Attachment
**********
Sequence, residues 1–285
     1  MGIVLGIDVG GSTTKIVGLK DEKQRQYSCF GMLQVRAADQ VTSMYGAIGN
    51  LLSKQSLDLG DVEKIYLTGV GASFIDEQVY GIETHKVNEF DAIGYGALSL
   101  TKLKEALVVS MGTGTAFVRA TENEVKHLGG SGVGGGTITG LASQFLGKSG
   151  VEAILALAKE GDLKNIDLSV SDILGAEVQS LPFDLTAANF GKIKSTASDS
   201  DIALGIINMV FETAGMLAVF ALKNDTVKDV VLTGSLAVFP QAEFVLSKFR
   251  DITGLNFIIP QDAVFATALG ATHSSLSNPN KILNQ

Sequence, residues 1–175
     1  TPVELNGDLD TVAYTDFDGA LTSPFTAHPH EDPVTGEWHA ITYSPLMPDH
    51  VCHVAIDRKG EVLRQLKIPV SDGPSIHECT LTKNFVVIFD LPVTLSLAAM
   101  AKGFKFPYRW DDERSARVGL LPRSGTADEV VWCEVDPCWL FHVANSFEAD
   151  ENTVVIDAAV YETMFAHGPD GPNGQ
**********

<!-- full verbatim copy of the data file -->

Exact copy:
Sequence, residues 1–285
     1  MGIVLGIDVG GSTTKIVGLK DEKQRQYSCF GMLQVRAADQ VTSMYGAIGN
    51  LLSKQSLDLG DVEKIYLTGV GASFIDEQVY GIETHKVNEF DAIGYGALSL
   101  TKLKEALVVS MGTGTAFVRA TENEVKHLGG SGVGGGTITG LASQFLGKSG
   151  VEAILALAKE GDLKNIDLSV SDILGAEVQS LPFDLTAANF GKIKSTASDS
   201  DIALGIINMV FETAGMLAVF ALKNDTVKDV VLTGSLAVFP QAEFVLSKFR
   251  DITGLNFIIP QDAVFATALG ATHSSLSNPN KILNQ

Sequence, residues 1–175
     1  TPVELNGDLD TVAYTDFDGA LTSPFTAHPH EDPVTGEWHA ITYSPLMPDH
    51  VCHVAIDRKG EVLRQLKIPV SDGPSIHECT LTKNFVVIFD LPVTLSLAAM
   101  AKGFKFPYRW DDERSARVGL LPRSGTADEV VWCEVDPCWL FHVANSFEAD
   151  ENTVVIDAAV YETMFAHGPD GPNGQ